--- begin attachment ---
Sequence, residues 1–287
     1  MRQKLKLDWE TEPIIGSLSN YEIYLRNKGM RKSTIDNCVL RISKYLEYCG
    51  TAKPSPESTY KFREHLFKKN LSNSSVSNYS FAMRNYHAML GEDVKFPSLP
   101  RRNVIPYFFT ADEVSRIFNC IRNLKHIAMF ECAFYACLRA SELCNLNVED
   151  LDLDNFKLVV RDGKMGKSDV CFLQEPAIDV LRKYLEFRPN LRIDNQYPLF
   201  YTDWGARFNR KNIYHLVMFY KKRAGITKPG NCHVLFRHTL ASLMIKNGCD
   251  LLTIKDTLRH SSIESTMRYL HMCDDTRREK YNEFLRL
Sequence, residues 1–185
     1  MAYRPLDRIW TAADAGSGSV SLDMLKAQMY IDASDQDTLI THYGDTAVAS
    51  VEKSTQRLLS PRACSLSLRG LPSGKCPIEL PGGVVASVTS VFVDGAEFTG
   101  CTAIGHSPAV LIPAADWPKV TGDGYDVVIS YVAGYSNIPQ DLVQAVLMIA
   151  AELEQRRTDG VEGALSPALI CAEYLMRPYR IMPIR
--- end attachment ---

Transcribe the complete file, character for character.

Sequence, residues 1–287
     1  MRQKLKLDWE TEPIIGSLSN YEIYLRNKGM RKSTIDNCVL RISKYLEYCG
    51  TAKPSPESTY KFREHLFKKN LSNSSVSNYS FAMRNYHAML GEDVKFPSLP
   101  RRNVIPYFFT ADEVSRIFNC IRNLKHIAMF ECAFYACLRA SELCNLNVED
   151  LDLDNFKLVV RDGKMGKSDV CFLQEPAIDV LRKYLEFRPN LRIDNQYPLF
   201  YTDWGARFNR KNIYHLVMFY KKRAGITKPG NCHVLFRHTL ASLMIKNGCD
   251  LLTIKDTLRH SSIESTMRYL HMCDDTRREK YNEFLRL
Sequence, residues 1–185
     1  MAYRPLDRIW TAADAGSGSV SLDMLKAQMY IDASDQDTLI THYGDTAVAS
    51  VEKSTQRLLS PRACSLSLRG LPSGKCPIEL PGGVVASVTS VFVDGAEFTG
   101  CTAIGHSPAV LIPAADWPKV TGDGYDVVIS YVAGYSNIPQ DLVQAVLMIA
   151  AELEQRRTDG VEGALSPALI CAEYLMRPYR IMPIR